young man pointing up in front of virtual screen

The Ultimate in Inclusive Attractions: Morgan’s Wonderland, San Antonio

Theme parks aren’t just for the neurotypical and able-bodied. Meet Morgan’s Wonderland, aka “The First Theme Park Where EVERYONE Can Play” and “The One and Only Ultra-Accessible™ Theme Park.” Created by Gordon Hartman and named for his special-needs daughter, Morgan’s Wonderland is the first of its kind: a place designed to accommodate every ability and disability on every attraction, emphasizing universal understanding alongside shared fun.

Entry plaza inside Morgan's Wonderland gates, featuring "Taking Flight," a pair of giant sculptured hands releasing a butterfly
Entering Morgan’s Wonderland, the first thing most visitors notice is the 3-ton “Taking Flight” bronze sculpture.

The park is in San Antonio three hours west of Houston, and adult day passes cost just $19 (free admission for anyone under 3 and/or with a disability, $13 for military members and for visitors under 18 or over 62). Attractions include:

  • A carousel, round-the-park train, and Ferris wheel (Whirling Wonder™)
Morgan's Wonderland carousel pavillion
Can you spot the butterflies hovering over the carousel’s menagerie?
  • A pavilion for fitness and playground equipment (including wheelchair swings)
  • An “off-road cars” track
  • Butterfly images everywhere
Bench in the shape of a yellow and orange butterfly
The park’s butterfly imagery extends to the benches.
  • Volunteers in “disability superhero” costumes
Visitor posing with park volunteer, who is in wheelchair and in blue-and-yellow hero costume
Vincent Reat meets a Morgan’s Wonderland hero.
  • Numerous sensory attractions, including an indoor Sensory Village (which is air-conditioned for hot summer days)
  • (For an extra $10) A summer water park, “Morgan’s Inspiration Island,” which features multiple splash pads and a river-loop ride

Cristen Reat, our BridgingApps Co-Founder and Program Director, and her family have been annual regulars at Morgan’s Wonderland for over seven years. Here’s her firsthand review.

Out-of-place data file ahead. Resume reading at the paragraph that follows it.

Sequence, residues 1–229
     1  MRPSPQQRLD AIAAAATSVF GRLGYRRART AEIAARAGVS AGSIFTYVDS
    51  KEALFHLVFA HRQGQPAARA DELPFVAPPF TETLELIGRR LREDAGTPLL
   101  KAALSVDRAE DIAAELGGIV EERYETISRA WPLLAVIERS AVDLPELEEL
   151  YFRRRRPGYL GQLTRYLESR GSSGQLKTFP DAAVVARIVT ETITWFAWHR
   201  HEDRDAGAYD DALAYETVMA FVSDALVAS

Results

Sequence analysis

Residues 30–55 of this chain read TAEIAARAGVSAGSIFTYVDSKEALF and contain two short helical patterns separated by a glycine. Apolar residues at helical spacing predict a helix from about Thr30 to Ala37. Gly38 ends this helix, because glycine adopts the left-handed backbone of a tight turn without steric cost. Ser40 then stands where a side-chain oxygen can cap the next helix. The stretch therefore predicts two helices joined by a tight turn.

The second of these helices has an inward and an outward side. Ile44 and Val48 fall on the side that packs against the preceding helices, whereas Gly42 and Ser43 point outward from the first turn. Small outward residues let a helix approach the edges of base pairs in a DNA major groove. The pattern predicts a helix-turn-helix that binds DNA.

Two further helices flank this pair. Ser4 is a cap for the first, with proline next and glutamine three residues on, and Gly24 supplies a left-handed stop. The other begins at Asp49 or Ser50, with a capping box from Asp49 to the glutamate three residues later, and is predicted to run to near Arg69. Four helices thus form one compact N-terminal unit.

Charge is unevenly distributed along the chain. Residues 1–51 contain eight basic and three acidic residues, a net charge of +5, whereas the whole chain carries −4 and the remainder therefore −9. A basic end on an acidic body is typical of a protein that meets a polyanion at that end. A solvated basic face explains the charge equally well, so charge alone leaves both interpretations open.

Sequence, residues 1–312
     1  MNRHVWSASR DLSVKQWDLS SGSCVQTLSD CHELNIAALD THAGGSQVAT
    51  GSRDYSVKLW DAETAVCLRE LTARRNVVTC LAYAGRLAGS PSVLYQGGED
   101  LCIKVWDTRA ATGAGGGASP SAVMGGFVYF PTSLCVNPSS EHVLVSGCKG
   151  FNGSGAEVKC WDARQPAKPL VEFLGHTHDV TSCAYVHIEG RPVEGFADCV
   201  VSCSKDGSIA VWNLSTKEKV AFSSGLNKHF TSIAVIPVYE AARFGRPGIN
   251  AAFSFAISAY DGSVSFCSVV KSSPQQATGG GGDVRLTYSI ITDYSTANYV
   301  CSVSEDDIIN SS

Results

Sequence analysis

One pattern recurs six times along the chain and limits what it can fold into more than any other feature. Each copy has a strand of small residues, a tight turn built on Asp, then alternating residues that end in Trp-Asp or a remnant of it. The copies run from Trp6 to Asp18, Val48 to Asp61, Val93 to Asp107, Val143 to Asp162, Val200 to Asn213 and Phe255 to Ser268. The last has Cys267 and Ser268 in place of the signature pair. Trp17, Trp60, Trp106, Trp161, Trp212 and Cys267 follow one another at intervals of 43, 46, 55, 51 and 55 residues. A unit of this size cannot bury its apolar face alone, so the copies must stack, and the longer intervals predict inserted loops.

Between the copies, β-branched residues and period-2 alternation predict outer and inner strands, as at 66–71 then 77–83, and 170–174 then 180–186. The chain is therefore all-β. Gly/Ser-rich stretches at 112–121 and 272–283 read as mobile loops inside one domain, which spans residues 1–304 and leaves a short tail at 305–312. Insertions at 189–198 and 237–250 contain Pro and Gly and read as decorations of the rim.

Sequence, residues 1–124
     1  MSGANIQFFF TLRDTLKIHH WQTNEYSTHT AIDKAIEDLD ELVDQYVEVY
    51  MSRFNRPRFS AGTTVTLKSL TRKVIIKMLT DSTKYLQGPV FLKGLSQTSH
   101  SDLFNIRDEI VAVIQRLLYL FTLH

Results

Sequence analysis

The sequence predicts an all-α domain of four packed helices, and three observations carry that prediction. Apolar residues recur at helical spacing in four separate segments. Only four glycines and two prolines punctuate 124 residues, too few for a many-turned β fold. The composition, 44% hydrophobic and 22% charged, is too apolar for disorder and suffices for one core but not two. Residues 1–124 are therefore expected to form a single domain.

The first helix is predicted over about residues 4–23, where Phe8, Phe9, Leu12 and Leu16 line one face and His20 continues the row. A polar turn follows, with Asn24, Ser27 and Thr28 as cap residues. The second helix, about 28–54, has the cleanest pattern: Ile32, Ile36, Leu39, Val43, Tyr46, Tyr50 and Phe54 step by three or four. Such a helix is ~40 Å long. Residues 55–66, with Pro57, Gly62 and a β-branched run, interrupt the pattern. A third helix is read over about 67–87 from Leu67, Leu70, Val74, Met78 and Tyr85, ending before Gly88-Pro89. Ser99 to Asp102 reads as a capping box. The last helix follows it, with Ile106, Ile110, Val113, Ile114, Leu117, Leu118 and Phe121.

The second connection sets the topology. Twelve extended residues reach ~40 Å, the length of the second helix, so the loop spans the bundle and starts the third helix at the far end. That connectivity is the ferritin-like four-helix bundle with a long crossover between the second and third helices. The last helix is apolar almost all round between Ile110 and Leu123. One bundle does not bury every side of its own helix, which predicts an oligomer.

Cristen Reat on Morgan’s Wonderland

“I read about the park when it opened [in 2010], and I was intrigued by the vision of an inclusive park that everyone could enjoy. I was somewhat skeptical about the noise level because of our son Vincent’s noise and crowd sensitivities. [Vincent has Down syndrome and autism.] However, I read that they limit the number of visitors each day, which I thought could be a huge factor in our family’s ability to enjoy the experience.

“We were thrilled with our first visit, and we spent nearly all day there. For someone who could sit for hours and play with the water features or the light displays in Sensory Village, it was the perfect pace for Vincent. Sensory Village is still his hands-down favorite attraction: he could spend all day in the room with the various light projections on the wall and floors, including the butterflies that fly around and land on your shadow, and the falling beads that move with a touch. He also loves pretending to be a weatherman in front of a green screen where the weather and maps change.

Visitor backlit against a wall of butterfly projections in Sensory Village
Sensory Village butterflies bring a new meaning to “traveling light.”
Vincent standing by wall painting that depicts the state of Texas and its typical weather patterns
Vincent finds Morgan’s Wonderland on the Texas weather infographic.

“Most of modern life, from speech patterns to walking speeds, is way too fast for Vincent. I often wish that I could slow things down to accommodate his processing speed and his need to go at a slower pace. Morgan’s Wonderland is the ideal place for him in all of these areas! We try to go at least once or twice a year.”

Tips for Morgan’s Wonderland Visitors

Author and mother reflected in Sensory Village's "San Antonio weather map" screen
BridgingApps reporter Katherine Swarts (that’s me, your friendly autistic blog writer) and mother, left, play San Antonio weather forecasters.
  • Bring your own food: in-park dining options are limited.
  • Bring a water bottle and sunscreen, and plan on regular sit-and-rest breaks. San Antonio’s semi-arid climate can get VERY hot, especially at midday in warmer months.
  • Double-check the park calendar when planning a visit: hours and seasons are shorter than at many theme parks.
  • Consider purchasing your tickets online in advance, to be sure of getting in before the day’s visitor limit is reached.
  • Access to Inspiration Island (water park) lockers costs an extra $5 if the user is non-disabled.
  • If anyone in your group resists wearing armband tickets (a common problem for people on the autism spectrum, who tend to be sensitive to wearables), ask the staff about alternatives such as pinning the band to clothing or hanging it from a wheelchair.

A Note for Thrill-Ride Lovers

Unfortunately for the roller-coaster-and-tilt-a-whirl set who would find Morgan’s Wonderland too tame, there’s no comparable park with a selection of thrill rides. Andi Fry, BridgingApps’ Coordinator for Montgomery County Outreach, has a young-adult daughter with extensive paralysis from cerebral palsy, who nonetheless enjoys dance classes and downhill skiing. To date, the family has not found any roller coaster capable of accommodating her. “When we visited the park at Kemah Boardwalk,” says Andi, “the only ride we could get Megan onto was the Ferris wheel.”

Hopefully things will change here, too, as awareness continues to grow that everyone has the right to enjoy a wide variety of experiences to the fullest. We can all help things along by making suggestions at every opportunity—and by supporting places such as Morgan’s Wonderland, which are leading the way toward an ever more inclusive and fun future.

Kinetic sculpture on the move.

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